Student Reports Accidental Possession of Pocket Knife, Gets Four-Day Suspension


It’s an incident that so perfectly summarizes the Orwellian nightmare of clueless school bureaucracy that it would be easy to dismiss as parody: a 13-year-old Georgia student named Jack Persyn was taking inventory of his school bag before the beginning of classes (while he was at chess club, no less) and discovered he had accidentally brought along a pocket knife, given to him by his aunt as a Christmas gift.  He immediately reported this to his teacher… and got slapped with a four-day in-school suspension.

As reported by the local NBC affiliate, WXIA, Jack’s father is very upset that his son’s education is being thrown into the gears of mindless bureaucracy over a simple mistake, which Jack promptly tried to correct by doing the right thing:

“There was never a safety issue,” said the teen’s father Bill Persyn. “No harm was done. It was a genuine honest mistake, yet he got pulled out of class for four days. I can see a one hour detention if they had to do something, but this is nonsensical.”

The Gwinnett School System insists their policy on weapons in school is not zero tolerance, yet a school spokesperson said any student found to have a weapon at school will face punishment even when a student self-reports accidently having that weapon.

“We can’t ignore the fact that there is a weapon on campus somewhere that someone can use,” said system spokesperson Jore Quintana. “This is obviously to keep the safety of our students in our schools.”

So the school policy is not “zero tolerance” – Heaven forbid anyone should use such absolutist language! – but students get punished even if they self-report the accidental possession of a weapon?  Do they have classes in remedial English and critical thinking skills at this school?  Perhaps the administrators should make plans to attend.  Once they’ve learned to speak plainly, and process simple cause-and-effect relationships, they might ponder the ultimate results of punishing students who make sincere efforts to do the right thing.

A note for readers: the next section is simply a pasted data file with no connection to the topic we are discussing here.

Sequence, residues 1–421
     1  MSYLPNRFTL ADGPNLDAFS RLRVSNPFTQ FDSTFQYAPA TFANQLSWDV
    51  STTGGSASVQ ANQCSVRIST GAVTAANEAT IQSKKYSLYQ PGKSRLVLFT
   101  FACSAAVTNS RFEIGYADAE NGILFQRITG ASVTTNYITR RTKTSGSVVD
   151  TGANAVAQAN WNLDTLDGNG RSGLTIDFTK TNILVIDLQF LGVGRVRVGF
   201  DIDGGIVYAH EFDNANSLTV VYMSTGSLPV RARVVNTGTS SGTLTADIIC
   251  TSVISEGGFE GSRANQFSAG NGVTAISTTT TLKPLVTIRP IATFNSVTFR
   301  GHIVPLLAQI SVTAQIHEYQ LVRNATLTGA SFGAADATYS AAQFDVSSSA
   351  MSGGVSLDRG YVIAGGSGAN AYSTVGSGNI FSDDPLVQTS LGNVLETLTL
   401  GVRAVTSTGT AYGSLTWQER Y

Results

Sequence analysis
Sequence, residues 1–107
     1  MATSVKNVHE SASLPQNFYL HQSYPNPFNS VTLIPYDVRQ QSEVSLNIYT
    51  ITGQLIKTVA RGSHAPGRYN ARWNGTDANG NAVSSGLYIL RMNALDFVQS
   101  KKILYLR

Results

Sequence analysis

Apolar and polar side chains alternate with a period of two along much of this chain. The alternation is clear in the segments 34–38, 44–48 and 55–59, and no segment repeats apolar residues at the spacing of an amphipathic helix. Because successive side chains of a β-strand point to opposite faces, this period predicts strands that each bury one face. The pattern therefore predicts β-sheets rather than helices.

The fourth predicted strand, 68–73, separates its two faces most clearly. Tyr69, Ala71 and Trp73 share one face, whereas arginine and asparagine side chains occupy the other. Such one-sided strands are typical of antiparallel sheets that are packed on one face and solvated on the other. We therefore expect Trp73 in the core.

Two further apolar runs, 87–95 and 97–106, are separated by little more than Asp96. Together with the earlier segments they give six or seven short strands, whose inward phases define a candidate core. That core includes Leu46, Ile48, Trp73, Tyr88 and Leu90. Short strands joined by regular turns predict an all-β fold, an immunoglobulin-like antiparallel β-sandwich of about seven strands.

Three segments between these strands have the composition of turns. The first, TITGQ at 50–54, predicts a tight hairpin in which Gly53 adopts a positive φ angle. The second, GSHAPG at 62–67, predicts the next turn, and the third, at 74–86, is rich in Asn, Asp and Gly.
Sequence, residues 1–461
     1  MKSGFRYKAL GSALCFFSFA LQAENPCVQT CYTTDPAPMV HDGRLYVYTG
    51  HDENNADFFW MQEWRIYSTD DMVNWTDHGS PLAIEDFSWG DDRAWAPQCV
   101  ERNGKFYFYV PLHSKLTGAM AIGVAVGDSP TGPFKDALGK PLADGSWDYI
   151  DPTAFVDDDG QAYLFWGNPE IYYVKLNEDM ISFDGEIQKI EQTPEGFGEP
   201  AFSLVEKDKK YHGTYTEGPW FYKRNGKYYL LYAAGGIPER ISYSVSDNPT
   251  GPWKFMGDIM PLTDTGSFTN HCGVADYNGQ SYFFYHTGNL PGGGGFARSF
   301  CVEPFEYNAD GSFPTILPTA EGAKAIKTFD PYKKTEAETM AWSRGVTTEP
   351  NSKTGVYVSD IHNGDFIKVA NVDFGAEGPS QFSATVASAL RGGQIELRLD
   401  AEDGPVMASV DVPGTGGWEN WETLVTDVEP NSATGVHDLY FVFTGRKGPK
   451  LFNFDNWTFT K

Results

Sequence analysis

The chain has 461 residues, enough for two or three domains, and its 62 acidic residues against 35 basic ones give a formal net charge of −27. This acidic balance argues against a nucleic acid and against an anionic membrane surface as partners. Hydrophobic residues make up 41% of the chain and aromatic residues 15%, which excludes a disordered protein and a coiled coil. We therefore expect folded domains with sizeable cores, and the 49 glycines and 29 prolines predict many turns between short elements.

Columnist Sam Francis, who died in 2005, coined the perfect term to describe the bureaucratic impulses that lead to this sort of mindless policy machinery: anarcho-tyranny.  It’s much easier to regulate and punish the law-abiding than to make intelligent efforts to cope with serious problems, so bureaucracies tend to follow the path of least resistance.  Those who sincerely wish to comply with the system are much easier to capture and punish than those who deliberately seek to escape it.  Since the system acquires prestige by boasting of successful prosecutions, it has an appetite for feeding upon those who are most easily trapped in its web of rules, and offer the least resistance.  The result is that people who try to play by the rules find them becoming increasingly complex… and unforgiving.

“Zero-tolerance policies” are a perfect example of bureaucratic laziness hardening into a mousetrap for the unwary.  No one has to use any discretion… so no one can be held individually accountable for using discretion.  It’s better for everyone in the administration if they just run blindly through a maze of inflexible rules, citing them chapter and verse when challenged over absurd results that punish the innocent.  The Georgia incident is just the latest in a steady diet of “zero-tolerance” follies involving nail files and toy guns being treated as deadly weapons, or simple medications being treated as if they were smuggled heroin.

At some point, it becomes illogical to follow the rules of a degenerate bureaucracy.  Jack Persyn discovered that point on the morning it became clear that an honest young man, doing his best to deal with a simple mistake by reporting it to what he believed were rational adults, discovered that he would have been much better off keeping his mouth shut and hoping nobody searched his school bag.  Ironically, this would not only have been better for him personally, but would have better served his education, which will now be compromised by four days of in-school detention. 

It would even have better served the cause of minimizing school violence, because the rest of the student body would have been able to go on trusting their teachers for a while longer.  Instead, they have been taught that a mistake is functionally equivalent to a crime, and those who make mistakes are therefore better off conducting themselves as criminals, because the system instantly becomes their enemy.  Trust cannot exist in the absence of compassion and understanding.